Project Intake and Congestion Collapse


Originally posted on LinkedIn here.

Recently, I was reminded of a computer networking concept called congestion collapse (or congestive collapse according to Wikipedia). The basic theory, which has been proven in practice, is that something counter-intuitive happens when the amount of data being sent reaches the limits of the network device and more requests are continuously made. The amount of data that can be processed does not flat line at the top of the curve, but instead it completely collapses (see my graph). 

This is an oversimplification, of course. Briefly, for the non-computer types in the audience, the network device referred to is usually a specific piece of hardware, such as a network router or switch. The data I refer to are TCP packets. The reason the useful work nosedives is that the network hardware starts to get overloaded once it reaches maximum capacity. It then starts dropping (forgetting) packets because it can neither process them nor store them in memory (in networking this is a full buffer or queue). The hardware starts then requesting that the packets be resent. This requires more processing power to make these requests and as the amount of requests come in for processing, it drops more, has to do more resubmit requests and starts being unable to send out packets it has not dropped. And so on…. Which leads to the amount of useful work collapses.

What does this have to do with project intake? In my experience, project based areas tend to stumble and fall under the strain of many, many requests. Generally, I see this in IT areas specifically as they are very project intensive with feature requests, break-fix work and a variety of major software / hardware installations. They start the year with a (relatively) clean slate of known project work that they need to manage. They make a plan to complete that work and it all looks great. Yet, as the year continues on, they begin to struggle, fall behind and get complaints of not being communicative. Why?

I believe that similar to a networking congestion collapse situation, a project team without an intake process or a centralized project portfolio management area, such as a PMO, will start to do things similar to that poor, helpless network device mentioned above. As the amount of work requests increase close to capacity, the team starts to spend more and more time on non-work tasks. Communication needs to increase as more people ask for updates, status, and to make changes, etc. As the team gets drawn into more and more project meetings for a wider variety of projects, mistakes get made and useful work declines.  The negative impact of more people requiring communication can be seen in Fred Brook’s classic work, The Mythical Man-Month. That impact from the group intercommunication formula alone can destroy productivity.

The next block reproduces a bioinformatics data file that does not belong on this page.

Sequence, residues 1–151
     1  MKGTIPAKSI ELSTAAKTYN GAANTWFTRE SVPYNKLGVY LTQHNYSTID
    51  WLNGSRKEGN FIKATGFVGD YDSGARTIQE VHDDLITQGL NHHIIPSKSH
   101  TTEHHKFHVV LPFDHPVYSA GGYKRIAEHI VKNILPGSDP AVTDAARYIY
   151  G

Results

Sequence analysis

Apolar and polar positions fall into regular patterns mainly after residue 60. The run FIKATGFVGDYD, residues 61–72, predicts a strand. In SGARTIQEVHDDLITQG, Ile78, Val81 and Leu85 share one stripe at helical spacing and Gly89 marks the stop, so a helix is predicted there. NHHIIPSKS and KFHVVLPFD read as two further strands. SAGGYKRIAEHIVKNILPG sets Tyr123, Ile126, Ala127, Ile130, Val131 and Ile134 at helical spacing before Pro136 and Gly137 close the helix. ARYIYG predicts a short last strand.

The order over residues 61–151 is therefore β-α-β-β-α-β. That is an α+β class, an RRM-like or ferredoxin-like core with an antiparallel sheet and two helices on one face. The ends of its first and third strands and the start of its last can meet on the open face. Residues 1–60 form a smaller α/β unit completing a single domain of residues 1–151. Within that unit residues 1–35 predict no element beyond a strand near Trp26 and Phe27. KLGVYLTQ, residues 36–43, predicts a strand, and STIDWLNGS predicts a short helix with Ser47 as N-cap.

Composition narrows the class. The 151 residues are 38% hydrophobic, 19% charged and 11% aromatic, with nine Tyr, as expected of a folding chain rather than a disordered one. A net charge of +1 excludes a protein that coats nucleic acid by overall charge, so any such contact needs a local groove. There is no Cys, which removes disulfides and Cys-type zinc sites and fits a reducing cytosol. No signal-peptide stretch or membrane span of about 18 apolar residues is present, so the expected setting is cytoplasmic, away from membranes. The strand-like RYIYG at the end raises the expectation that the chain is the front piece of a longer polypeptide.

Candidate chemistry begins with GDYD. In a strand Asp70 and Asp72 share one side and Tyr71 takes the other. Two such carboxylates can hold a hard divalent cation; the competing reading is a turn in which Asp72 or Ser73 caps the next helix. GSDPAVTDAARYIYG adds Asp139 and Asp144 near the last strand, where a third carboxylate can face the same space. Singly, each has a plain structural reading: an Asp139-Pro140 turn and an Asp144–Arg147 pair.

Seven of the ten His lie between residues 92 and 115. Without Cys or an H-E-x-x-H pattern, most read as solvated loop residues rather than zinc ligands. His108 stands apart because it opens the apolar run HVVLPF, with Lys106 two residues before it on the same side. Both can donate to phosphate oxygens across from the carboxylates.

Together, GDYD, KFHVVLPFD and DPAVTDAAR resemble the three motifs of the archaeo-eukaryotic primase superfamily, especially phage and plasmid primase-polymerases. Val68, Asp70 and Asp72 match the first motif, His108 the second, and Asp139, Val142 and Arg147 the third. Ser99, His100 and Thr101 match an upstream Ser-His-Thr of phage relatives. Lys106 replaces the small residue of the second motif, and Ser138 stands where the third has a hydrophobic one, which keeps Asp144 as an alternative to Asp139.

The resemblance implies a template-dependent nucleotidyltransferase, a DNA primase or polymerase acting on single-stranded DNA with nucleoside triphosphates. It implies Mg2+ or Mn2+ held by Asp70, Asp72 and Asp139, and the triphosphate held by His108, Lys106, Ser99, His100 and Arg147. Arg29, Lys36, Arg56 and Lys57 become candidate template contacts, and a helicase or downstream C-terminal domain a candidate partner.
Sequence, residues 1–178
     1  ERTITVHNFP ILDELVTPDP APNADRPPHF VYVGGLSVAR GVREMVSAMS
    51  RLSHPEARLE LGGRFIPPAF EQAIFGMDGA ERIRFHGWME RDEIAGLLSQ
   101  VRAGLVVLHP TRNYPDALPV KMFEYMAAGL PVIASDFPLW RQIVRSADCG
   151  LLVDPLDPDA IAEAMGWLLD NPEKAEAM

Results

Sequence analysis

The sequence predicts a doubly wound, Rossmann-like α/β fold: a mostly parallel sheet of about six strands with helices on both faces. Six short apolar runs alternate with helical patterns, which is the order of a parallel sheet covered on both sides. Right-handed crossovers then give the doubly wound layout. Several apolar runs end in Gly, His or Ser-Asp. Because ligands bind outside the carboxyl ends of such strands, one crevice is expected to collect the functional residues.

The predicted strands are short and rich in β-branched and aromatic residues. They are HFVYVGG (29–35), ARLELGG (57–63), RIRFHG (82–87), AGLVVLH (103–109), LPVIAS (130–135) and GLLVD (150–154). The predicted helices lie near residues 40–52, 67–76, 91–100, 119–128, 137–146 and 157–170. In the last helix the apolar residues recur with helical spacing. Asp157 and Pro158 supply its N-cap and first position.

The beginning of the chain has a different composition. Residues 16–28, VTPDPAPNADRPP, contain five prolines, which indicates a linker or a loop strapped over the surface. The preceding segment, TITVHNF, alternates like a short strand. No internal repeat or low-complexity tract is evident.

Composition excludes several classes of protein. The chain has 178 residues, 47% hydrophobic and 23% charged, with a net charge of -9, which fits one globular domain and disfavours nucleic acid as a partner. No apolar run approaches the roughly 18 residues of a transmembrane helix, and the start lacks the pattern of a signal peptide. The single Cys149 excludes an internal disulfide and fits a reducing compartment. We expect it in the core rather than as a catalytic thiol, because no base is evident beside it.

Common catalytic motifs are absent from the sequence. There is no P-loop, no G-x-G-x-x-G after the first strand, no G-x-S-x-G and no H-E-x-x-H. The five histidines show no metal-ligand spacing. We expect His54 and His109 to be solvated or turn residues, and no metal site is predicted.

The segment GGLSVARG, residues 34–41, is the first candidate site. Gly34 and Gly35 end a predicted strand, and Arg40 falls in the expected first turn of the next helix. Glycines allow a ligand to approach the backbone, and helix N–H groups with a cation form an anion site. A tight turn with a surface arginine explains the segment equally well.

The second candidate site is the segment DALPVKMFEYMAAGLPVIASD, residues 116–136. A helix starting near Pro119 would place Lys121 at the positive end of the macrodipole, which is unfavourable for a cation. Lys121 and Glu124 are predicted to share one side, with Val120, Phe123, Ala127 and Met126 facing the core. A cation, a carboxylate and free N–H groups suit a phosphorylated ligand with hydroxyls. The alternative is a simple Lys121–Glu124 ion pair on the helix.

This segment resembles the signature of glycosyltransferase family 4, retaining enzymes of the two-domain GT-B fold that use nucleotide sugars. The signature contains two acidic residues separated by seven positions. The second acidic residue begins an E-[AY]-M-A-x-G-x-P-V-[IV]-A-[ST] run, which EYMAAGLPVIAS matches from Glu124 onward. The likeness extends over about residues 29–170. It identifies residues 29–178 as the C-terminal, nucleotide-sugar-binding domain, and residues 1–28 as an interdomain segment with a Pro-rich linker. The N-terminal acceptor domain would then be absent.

Therefore, I think any project area requires some kind of intake process, gatekeeper or some kind of congestion control (again, another networking term). Intuitively I believe it makes sense, but I may explore the proofs around this in future posts. 

Business Continuity & Vendor Assessment – Tip #2 – You Have to Partner


Please find the second tip in my series on vendor assessment originally posted here on LinkedIn:

Text of the post below.

In the previous tip in this series on vendor assessment related to my upcoming presentation at DRJ Springworld 2017, I covered the basic idea that a business continuity practitioner must accept the fact that they just cannot assess every vendor. In large organizations, this is especially true. In this brief tip, I want to touch on another key to success to do this work on a shoestring budget.

Yes, as the tip title states, you have to partner with others in the organization. If you are lucky, you can partner with a centralized vendor management business unit or a legal department. If you are partially lucky, you can partner with various contracting / purchasing people throughout the organization. If you are unlucky, no one returns your calls!

Getting a partner in place may require some sales tactics. Try these:

  1. Generally, you are there to reduce risk to the organization and most partners want that as well.  Find that common ground.
  2. Assure the partner that the assessment of the vendor will be non-threatening and have minimal impact to any selection process timetable.
  3. Offer up data. As a potentially centralized point of information about all the business processes in the company, you can offer data on what vendors the various areas of the company are already using (if their business continuity plans are complete). This is a potential treasure trove of information for a centralized vendor management area!

As a side note, I want to emphasize sales tactic #3. This is good to keep in mind for just about anything you might need from any area in the organization. If you have at least some support from upper management, you will be accumulating valuable business process, systems, interaction and vendor information from everywhere in the organization. Do not underestimate the value of this!

Once you have a partner in place, you need to increase the speed of trust between the two of you. Offer them a road-map of how a basic assessment could be done and show them that you do NOT want to assess every vendor (see tip #1). Then, move on to tip #3… Create a non-threatening assessment questionnaire and show it to them. Now you have the potential to be able just have your partner hand the assessment to the vendor during the selection process with no impact to your own (shoestring) budget. What you do with the assessment comes later.

Business Continuity & Vendor Assessment – Tip #1 – You Can’t Assess All Vendors


For those of you interested in all things Business Continuity related, please check out my post (and hopefully series) on LinkedIn related to my upcoming presentation at DRJ Springworld 2017:

Kind Regards,